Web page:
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Page 293 - And, even if I were alone, if mine were a solitary voice, raised amid the din of arms and the clamours of a venal press, I should have the consolation I have to-night — and which I trust will be mine to the last moment of my existence — the priceless consolation that no word of mine has tended to promote the squandering of my country's treasure or the spilling of one single drop of my country's blood.
Page 392 - The Executive, in seizing the fugitive occurrence which so much advances the good of their country, have done an act beyond the Constitution. The Legislature, in casting behind them metaphysical subtleties, and risking themselves like faithful servants, must ratify and pay for it, and throw themselves on their country for doing for them unauthorized what we know they would have done for themselves had they been in a situation to do it.
Page 618 - This work will be invaluable . . . to the American citizen who wishes something more than a superficial knowledge of the political system under which he lives and of the difference.s between it and those of other countries. . . . The fact is that no writer has ever attempted to present so comprehensive an account of our political system, founded upon such length of observation, enriched with so great a mass of detail, and so thoroughly practical in its character. . . . We have here a storehouse...
Page 293 - Let it not be said that I am alone in my condemnation of this war, and of this incapable and guilty Administration. "And even if I were alone, if mine were a solitary voice, raised amid the din of arms and the clamours of a venal Press...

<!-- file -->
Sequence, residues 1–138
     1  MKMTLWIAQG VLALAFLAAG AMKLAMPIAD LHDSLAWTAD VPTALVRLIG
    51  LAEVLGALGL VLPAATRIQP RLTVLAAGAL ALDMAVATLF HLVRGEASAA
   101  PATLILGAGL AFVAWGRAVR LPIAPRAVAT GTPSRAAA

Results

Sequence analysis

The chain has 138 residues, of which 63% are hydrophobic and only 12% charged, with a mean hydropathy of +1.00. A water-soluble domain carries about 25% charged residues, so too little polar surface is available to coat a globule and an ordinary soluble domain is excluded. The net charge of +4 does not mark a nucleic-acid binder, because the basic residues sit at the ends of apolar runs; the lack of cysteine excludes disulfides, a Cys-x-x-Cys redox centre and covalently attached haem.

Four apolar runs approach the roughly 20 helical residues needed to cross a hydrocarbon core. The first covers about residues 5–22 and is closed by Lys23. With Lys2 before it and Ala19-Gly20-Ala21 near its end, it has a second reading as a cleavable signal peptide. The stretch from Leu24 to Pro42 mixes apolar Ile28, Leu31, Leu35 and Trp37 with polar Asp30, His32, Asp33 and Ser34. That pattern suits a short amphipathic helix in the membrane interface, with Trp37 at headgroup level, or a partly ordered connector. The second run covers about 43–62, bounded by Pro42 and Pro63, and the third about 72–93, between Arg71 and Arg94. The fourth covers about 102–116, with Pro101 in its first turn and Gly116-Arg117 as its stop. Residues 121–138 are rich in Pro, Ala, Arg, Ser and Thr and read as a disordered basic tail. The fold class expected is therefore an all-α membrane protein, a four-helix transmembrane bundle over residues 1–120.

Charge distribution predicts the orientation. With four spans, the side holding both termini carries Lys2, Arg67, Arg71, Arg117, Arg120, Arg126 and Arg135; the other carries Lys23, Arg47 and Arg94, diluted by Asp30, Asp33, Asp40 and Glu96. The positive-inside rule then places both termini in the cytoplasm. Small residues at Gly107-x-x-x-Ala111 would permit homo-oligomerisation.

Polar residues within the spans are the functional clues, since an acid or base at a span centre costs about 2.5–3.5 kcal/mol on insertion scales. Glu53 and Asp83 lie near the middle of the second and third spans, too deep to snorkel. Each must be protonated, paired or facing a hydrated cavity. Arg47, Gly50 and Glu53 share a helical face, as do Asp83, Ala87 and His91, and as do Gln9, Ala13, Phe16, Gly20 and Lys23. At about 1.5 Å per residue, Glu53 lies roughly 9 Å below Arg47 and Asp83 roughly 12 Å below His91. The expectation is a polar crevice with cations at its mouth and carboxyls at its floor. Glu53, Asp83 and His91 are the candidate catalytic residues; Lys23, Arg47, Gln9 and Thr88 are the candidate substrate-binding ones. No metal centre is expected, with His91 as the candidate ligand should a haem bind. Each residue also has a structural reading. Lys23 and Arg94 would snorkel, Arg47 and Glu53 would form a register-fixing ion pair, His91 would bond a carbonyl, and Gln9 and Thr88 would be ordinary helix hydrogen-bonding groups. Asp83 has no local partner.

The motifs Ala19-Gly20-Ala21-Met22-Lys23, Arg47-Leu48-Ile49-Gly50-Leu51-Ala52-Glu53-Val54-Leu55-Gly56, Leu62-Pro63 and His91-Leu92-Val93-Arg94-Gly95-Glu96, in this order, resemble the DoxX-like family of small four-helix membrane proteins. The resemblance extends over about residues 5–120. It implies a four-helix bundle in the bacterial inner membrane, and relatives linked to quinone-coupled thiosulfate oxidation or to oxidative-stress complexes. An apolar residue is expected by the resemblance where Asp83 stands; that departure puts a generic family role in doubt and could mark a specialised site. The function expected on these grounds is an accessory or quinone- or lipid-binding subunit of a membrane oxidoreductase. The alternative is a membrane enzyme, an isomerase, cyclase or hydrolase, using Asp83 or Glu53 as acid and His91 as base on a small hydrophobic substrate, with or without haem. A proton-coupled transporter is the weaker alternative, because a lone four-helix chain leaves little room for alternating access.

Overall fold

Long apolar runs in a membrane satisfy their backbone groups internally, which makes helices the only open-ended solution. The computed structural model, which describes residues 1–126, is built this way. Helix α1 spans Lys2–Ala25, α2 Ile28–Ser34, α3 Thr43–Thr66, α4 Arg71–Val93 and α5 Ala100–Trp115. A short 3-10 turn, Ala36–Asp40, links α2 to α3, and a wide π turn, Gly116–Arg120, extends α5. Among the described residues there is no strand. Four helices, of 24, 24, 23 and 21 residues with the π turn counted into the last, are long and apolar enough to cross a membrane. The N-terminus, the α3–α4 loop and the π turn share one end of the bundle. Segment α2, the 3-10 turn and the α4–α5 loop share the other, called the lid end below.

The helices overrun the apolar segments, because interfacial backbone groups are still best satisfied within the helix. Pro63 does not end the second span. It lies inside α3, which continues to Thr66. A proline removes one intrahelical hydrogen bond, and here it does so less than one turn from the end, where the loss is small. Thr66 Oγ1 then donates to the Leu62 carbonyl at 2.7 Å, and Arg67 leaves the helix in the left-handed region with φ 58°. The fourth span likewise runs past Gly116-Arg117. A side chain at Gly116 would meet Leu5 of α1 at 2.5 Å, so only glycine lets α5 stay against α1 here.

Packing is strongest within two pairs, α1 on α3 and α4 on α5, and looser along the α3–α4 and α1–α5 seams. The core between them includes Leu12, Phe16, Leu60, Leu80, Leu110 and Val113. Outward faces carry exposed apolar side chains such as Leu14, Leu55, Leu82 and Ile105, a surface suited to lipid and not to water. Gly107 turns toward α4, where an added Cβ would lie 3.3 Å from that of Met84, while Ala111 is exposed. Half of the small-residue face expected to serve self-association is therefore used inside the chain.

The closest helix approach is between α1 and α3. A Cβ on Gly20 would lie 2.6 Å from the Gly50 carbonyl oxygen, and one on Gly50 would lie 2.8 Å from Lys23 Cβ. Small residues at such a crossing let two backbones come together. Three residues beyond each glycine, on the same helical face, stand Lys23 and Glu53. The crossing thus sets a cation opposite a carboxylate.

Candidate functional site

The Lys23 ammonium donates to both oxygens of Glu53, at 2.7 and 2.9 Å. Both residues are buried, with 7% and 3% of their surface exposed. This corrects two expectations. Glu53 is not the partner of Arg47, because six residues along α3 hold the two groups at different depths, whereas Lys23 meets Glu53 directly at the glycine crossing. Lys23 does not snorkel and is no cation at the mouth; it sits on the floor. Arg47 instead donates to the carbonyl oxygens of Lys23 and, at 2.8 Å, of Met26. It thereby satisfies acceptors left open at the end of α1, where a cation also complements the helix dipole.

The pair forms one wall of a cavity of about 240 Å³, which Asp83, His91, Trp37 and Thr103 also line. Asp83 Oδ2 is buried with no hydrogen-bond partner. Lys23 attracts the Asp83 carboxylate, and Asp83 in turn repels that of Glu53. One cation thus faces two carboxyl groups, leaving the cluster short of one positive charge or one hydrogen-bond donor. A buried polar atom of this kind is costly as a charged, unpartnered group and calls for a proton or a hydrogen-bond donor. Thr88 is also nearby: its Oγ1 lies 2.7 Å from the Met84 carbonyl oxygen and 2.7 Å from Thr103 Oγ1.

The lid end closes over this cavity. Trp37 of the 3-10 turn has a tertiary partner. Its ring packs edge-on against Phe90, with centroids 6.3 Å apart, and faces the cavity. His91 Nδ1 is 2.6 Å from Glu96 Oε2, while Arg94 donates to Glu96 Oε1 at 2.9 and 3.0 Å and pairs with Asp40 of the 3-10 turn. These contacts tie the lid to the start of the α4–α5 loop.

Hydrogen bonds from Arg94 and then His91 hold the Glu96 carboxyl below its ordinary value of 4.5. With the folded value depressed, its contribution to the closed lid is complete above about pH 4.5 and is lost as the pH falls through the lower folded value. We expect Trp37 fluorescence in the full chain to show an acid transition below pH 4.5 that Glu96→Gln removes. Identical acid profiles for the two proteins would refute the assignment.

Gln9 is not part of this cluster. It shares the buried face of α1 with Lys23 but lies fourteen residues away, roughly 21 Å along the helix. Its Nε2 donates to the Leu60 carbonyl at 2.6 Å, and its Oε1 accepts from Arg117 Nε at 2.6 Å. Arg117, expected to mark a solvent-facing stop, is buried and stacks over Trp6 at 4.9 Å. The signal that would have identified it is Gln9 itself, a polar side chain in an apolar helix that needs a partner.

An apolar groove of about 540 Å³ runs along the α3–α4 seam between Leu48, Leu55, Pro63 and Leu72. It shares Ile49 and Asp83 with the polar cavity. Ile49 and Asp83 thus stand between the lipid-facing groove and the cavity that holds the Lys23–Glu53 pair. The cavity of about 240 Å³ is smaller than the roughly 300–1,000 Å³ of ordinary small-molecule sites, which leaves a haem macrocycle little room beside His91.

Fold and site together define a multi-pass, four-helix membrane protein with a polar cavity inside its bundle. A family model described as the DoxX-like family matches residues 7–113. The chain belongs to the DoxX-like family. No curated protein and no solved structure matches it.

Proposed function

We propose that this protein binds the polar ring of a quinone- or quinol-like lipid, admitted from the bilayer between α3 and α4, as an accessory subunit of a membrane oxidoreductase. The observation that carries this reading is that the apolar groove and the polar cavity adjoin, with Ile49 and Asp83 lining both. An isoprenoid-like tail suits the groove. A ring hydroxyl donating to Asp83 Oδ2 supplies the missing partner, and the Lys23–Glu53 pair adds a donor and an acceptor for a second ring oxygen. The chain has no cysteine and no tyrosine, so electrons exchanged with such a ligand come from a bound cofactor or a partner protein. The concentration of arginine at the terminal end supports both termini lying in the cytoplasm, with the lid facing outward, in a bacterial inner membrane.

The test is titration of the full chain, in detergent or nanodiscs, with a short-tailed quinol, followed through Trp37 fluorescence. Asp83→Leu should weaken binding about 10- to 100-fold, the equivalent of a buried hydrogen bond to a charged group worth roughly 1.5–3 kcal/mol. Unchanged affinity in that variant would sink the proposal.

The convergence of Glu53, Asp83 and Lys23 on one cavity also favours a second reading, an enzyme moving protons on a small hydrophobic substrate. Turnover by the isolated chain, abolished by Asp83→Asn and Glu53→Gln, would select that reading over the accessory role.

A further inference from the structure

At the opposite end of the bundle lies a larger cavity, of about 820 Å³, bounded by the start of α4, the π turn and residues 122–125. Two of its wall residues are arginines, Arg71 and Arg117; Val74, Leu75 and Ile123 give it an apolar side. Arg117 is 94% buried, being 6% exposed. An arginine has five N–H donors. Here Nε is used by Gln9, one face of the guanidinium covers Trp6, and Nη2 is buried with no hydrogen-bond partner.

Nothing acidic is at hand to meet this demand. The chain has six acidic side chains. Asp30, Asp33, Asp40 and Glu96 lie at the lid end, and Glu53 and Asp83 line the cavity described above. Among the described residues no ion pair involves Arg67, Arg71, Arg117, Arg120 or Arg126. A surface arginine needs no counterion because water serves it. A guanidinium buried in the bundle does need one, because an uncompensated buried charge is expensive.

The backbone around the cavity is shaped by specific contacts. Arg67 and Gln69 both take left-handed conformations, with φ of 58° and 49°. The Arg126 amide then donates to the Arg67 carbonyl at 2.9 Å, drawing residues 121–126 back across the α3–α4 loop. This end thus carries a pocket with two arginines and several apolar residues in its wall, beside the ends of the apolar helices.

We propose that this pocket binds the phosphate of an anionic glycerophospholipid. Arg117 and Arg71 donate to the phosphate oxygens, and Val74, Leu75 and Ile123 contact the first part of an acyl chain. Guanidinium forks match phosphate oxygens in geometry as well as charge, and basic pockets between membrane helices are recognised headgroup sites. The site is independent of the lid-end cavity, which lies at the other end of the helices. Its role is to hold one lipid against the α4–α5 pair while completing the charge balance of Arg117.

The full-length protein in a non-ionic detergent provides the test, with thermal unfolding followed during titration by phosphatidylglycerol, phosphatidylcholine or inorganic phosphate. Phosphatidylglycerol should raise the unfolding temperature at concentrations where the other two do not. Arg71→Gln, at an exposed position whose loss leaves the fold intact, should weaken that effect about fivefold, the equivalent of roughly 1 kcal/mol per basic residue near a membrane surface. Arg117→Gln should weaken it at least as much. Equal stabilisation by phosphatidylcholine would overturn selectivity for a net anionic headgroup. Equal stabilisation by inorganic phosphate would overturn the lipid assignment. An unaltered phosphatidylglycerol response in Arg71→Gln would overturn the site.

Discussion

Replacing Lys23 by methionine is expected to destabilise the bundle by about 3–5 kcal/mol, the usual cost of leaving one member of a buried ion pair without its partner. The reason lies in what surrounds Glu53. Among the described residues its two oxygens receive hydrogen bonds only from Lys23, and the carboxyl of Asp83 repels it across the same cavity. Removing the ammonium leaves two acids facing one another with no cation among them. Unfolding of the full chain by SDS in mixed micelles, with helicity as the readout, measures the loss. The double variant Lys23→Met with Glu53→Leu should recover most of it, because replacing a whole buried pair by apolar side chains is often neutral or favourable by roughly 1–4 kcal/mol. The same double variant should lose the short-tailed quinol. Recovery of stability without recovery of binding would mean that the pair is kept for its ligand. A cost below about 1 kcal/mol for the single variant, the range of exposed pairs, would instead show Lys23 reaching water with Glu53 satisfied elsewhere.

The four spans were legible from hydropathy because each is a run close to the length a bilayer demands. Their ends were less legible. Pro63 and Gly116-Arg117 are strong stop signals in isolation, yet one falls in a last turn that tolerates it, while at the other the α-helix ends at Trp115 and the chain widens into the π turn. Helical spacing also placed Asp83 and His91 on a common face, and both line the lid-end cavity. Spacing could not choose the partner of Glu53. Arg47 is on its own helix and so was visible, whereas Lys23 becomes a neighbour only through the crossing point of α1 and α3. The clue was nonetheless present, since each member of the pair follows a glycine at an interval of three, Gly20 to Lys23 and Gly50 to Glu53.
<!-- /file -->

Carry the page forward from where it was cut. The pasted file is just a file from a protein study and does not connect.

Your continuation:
Page 567 - The East bow'd low before the blast, In patient, deep disdain. She let the legions thunder past, And plunged in thought again.
Page 375 - The South African Republic will conclude no treaty or engagement with any State or nation other than the Orange Free State, nor with any native tribe to the eastward or westward of the Republic, until the same has been approved by her Majesty the Queen.
Page 617 - It is a literary masterpiece, as readable as a novel, remarkable for its compression without dryness, and its brilliancy without any rhetorical effort or display. What American could, with so broad a grasp and so perfect a style, have rehearsed our political history from Columbus to Grant in 300 duodecimo pages of open type, or would have manifested greater candor in his judgment of men and events in a period of four centuries? It is enough to say...
Page 465 - For the recognition of the independence of the people of Cuba, demanding that the Government of Spain relinquish its authority and government in the island of Cuba, and to withdraw its land and naval forces from Cuba and Cuban waters, and directing the President of the United States to use the land and naval forces of the United States to carry these resolutions into effect...
Page 617 - This brilliant comment of a liberal Englishman on the history and institutions of this country is of the utmost value to Americans, who will not be repelled by its occasional injustice, but who will be materially helped to a juster conception of the results of American civilization, and who will be immensely entertained and interested by the vivacity and freshness with which the comment is made.